Public Policy and the Lottery

Lotteries are games of chance, where participants purchase tickets and hope to win a prize. Although the casting of lots for determining fates has a long history (including several instances in the Bible), the lottery as an instrument for material gain is comparatively recent, dating to about 1466 in Bruges, Belgium. While lotteries are an important source of revenue for many states, critics argue that they can have adverse social consequences for lower-income groups and lead to addictive behavior.

In the United States, state lotteries are thriving, drawing Americans to spend over $100 billion a year on tickets. But the lottery’s rocky history as a public enterprise and a form of gambling has left it with a mixed legacy.

Until the 1970s, state lotteries were little more than traditional raffles, with bettors writing their names on tickets or depositing numbered receipts for later shuffling and selection in a lottery drawing. But innovations in the industry in the 1970s ushered in an era of instant games, including scratch-off tickets, with smaller prizes but still high odds of winning. The popularity of these newer lotteries prompted the establishment of state-wide rules governing their operations and requiring them to set a minimum percentage of proceeds that goes to organizing, promoting, and managing the games.

The percentage of profits that must go to these costs typically leaves a relatively small pool from which lottery officials may choose the frequency and size of prizes for the various lotteries in operation. Lottery revenues initially expand dramatically after a lottery’s introduction, but then tend to level off or even decline. To maintain or increase profits, lottery officials must introduce new games to attract potential bettors.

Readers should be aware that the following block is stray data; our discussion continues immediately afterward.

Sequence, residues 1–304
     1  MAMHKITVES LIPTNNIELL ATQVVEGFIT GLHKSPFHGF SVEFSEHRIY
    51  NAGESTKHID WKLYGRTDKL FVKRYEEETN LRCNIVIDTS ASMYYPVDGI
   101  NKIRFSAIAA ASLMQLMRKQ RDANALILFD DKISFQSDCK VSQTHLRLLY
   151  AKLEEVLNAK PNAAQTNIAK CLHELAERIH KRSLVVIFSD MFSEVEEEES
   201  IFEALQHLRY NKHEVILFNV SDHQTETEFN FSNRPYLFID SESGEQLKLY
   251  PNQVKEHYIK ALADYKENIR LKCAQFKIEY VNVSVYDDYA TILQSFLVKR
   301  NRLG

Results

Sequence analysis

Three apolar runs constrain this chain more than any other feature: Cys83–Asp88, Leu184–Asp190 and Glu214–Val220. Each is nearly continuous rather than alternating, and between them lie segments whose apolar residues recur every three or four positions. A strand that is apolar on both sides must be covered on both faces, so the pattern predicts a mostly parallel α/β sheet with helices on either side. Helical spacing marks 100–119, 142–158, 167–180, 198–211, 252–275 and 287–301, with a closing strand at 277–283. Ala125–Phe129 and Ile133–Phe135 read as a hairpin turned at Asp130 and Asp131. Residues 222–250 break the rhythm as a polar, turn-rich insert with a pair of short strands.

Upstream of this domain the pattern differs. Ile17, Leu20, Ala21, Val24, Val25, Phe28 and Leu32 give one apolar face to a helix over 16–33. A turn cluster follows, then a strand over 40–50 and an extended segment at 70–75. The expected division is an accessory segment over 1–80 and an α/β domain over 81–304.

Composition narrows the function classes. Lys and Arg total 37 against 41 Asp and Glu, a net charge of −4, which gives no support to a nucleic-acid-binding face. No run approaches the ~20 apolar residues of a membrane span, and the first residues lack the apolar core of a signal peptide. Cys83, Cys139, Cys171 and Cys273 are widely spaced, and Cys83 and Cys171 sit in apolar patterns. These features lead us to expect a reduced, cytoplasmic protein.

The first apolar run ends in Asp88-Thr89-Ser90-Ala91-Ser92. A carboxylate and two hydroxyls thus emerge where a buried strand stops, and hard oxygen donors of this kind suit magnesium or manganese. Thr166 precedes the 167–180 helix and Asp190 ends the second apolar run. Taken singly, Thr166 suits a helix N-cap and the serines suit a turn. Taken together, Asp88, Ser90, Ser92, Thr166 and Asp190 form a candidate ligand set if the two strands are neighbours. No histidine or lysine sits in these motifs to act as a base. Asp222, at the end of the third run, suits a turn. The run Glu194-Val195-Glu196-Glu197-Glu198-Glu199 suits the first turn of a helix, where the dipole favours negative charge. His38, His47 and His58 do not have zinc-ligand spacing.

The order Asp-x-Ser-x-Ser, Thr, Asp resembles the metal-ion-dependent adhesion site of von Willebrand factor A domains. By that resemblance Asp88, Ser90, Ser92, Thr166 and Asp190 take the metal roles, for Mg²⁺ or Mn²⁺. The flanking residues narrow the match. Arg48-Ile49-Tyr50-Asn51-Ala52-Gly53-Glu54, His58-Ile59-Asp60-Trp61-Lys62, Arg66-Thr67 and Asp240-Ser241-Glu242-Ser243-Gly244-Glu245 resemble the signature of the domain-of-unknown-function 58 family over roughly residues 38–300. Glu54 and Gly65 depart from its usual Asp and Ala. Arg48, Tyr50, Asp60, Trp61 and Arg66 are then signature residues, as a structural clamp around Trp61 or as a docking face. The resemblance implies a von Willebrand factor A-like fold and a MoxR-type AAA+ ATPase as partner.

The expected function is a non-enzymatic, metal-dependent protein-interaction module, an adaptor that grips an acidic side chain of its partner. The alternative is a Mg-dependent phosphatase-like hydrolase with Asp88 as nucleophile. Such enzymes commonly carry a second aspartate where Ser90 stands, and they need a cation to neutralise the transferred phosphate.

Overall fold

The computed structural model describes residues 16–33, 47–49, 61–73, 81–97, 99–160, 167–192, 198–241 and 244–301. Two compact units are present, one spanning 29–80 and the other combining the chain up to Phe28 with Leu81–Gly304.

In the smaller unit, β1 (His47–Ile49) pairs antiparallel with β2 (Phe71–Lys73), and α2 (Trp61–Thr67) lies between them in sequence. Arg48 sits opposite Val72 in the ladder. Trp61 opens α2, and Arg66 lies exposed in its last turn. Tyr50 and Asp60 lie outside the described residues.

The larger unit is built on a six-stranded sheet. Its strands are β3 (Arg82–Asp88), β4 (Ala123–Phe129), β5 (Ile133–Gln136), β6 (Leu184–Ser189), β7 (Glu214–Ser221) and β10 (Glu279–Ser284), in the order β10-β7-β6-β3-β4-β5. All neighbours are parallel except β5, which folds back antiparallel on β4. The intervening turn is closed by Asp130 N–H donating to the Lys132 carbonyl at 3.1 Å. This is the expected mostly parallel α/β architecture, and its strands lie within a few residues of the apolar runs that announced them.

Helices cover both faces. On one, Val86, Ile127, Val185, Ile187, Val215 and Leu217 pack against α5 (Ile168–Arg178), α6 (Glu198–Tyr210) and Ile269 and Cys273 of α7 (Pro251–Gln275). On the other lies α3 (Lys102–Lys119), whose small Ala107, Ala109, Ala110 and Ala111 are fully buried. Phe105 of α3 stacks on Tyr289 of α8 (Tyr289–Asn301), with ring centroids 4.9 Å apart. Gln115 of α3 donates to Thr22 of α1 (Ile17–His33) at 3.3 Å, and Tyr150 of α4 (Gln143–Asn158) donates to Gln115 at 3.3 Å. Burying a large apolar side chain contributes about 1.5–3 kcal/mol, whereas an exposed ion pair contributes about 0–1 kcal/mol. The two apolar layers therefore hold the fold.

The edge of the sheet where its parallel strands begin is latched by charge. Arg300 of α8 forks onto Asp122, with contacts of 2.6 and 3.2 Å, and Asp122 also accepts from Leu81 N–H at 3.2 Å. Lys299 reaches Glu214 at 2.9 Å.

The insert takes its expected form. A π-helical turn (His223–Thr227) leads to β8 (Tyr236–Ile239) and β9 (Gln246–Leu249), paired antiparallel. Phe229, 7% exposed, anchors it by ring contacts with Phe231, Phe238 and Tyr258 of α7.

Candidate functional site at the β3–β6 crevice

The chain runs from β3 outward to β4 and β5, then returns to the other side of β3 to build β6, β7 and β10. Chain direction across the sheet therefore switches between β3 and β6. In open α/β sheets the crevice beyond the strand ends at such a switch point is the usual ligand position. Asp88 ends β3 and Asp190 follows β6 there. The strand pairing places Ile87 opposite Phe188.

While the games themselves are a key part of any lottery, the messages they convey are another crucial element. For many people, the lottery is not just a game but an avenue to a better life. They take the games seriously and spend a significant portion of their incomes on them, even though they know the odds are slim. They have quote-unquote systems — often irrational — about lucky numbers and stores, and about the best times of day to buy tickets.

But the fact is that lotteries are a classic example of public policy being made piecemeal and incrementally, with limited overall visibility or oversight. Moreover, because the state legislature controls the lottery, its authority and pressures are fragmented. It is easy for lawmakers to reduce the amount of money earmarked by a lottery for a particular program and to divert it to other purposes, which critics say undermines the effectiveness of those programs. This is what has happened to education funding, for example. Critics also note that earmarking of lottery funds allows legislators to avoid making the hard choices of cutting other programs or raising taxes.

Comments are closed.